On the other hand, it could equally be argued that the party has delivered exactly what it had long promised: an end to the special constitutional status of Jammu and Kashmir, a Ram temple at Ayodhya (stymied for three decades since the pulling down of the Babri masjid by judicial gridlocks) and a uniform civil code (delivered in part by criminalising ‘Triple Talaq’). The party’s other longstanding promise, of making the country a nuclear power, had been delivered in 1998 by the Vajpayee government.



The other commitment, to stop and possibly reverse illegal Muslim immigration into India from Bangladesh (a part of Rajiv Gandhi’s Assam accord of 1985), was sought to be given effect through changes to citizenship laws that, judging by the home minister’s comments, seemed to have as its real goal the disenfranchisement of large numbers of Muslim citizens. But the pause button has been hit on this, and only partly because of the onset of Covid. Possibly the risk of damaged relations with Bangladesh have become a concern at a time when China has been gaining diplomatic ground in the neighbourhood.

When it comes to administration, Modi’s style has been to work primarily through the bureaucracy, especially key bureaucrats whom he trusts, even as he has made some attempts to reform a hide-bound structure through lateral entry and a breaking down of silos. He has also made consistent attempts to strengthen the governance capacity of the BJP by inducting professionals into his government. While party heavyweights hold key portfolios, they have been joined by former officials from the Indian Administrative Service and Indian Foreign Service who have been heavily loaded with the charge of power, railways, communications, information technology, foreign affairs, urban affairs, petroleum, etc. and techno-entrepreneurs like Rajeev Chandrashekhar.


One could also argue that his framework of thought continues to be that of a chief minister, who can launch and executive specific programmes without having to think too much about policy nuances – the Harvard vs hard work dichotomy (more on this later). But Modi is the first prime minister, after Rajiv Gandhi, to focus on harnessing technology to achieve governmental goals. He is also the first prime minister to think scale, whether it is renewable energy, mass opening of bank accounts, or the attempted universalization of health insurance, proper sanitation, tap water supply and the like. He has also focused like no prime minister after Nehru on building the country’s physical infrastructure.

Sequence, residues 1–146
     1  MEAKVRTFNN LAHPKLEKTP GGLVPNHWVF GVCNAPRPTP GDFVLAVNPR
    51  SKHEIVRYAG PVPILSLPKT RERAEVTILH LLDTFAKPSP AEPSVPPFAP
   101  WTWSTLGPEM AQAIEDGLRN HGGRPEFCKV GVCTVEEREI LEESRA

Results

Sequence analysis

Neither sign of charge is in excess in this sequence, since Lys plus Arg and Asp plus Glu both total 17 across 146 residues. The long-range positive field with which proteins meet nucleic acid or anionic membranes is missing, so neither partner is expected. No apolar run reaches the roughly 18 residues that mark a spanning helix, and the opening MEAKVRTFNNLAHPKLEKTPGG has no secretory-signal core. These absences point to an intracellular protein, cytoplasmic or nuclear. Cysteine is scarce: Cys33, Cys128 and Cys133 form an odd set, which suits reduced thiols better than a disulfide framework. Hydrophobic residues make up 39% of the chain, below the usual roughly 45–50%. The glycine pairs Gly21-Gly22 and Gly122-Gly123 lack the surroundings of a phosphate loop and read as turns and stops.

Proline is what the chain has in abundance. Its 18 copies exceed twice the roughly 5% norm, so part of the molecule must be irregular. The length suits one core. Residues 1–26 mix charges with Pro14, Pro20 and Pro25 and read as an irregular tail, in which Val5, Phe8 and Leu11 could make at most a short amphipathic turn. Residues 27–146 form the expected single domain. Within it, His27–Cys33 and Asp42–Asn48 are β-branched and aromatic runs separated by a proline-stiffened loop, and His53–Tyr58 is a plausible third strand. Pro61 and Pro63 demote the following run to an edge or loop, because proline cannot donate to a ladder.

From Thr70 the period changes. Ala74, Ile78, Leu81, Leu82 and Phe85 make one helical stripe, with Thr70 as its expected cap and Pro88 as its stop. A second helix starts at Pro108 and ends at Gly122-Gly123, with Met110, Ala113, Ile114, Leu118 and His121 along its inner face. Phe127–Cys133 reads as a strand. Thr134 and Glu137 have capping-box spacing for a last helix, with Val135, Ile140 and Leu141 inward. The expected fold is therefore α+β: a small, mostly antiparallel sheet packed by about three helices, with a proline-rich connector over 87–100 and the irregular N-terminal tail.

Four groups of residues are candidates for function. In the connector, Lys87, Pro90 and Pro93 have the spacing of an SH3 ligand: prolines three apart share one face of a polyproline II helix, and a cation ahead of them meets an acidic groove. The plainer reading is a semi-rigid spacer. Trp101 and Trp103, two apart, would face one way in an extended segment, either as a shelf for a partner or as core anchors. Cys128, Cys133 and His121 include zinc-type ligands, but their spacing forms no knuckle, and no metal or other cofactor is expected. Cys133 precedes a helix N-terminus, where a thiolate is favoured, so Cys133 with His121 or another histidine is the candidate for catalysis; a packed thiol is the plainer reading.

In many ways, therefore, Modi is an original in Indian politics. As Christophe Jaffrelot has argued in his new book, Modi’s India, he is the first Indian politician to have successfully mixed majoritarianism and populism to make a powerful cocktail. Equally, though, he fits to a T the mould of populists in other countries and indeed through history. There is personal identification with the masses, the heroic style (working long hours in selfless service), the notion of being the chosen one (Hindu hriday samraat), an antagonistic mode that targets old elites and minorities, the stress on hostile external elements combined with an emphasis on national strength, the use of vigilante storm troopers who have the state’s implicit blessings, and clientelist welfarism.

There is also an attempt to concentrate power through creeping authoritarianism (the use of draconian laws that criminalize dissent, the creation of a surveillance state through the reported use of Israeli spyware like Pegasus, and other such), the whittling down of autonomous institutions that could stand in his way, and the alignment with that part of big capital which is close to the leader. History has plenty of examples to show that this combination of factors can only end in some kind of catharsis, for good or ill. If one accepts the thesis that only those countries do well that have strong institutional structures, the real question to be decided is how strong India’s institutions prove to be when tested.



Would India’s course have been different without Modi? As Marx famously argued, ‘Men make their own history, but they do not make it as they please... but under circumstances existing already, given and transmitted from the past.’ And so it is that a movement towards Hindu majoritarianism, flowing from a sense of Hindus being an aggrieved minority despite comprising the overwhelming majority, had begun to take root in the 1980s. Before and after, populist welfarism had gained traction as a political necessity in an underperforming economy. And the messiness of Indian democracy had created an under-current of thought that the country needed strongman (even military) rule – the BJP in particular had long espoused a presidential form of government. Perhaps it was only a matter of time before these strands came together in the personage of a politician who presented himself as an all-in-one solution.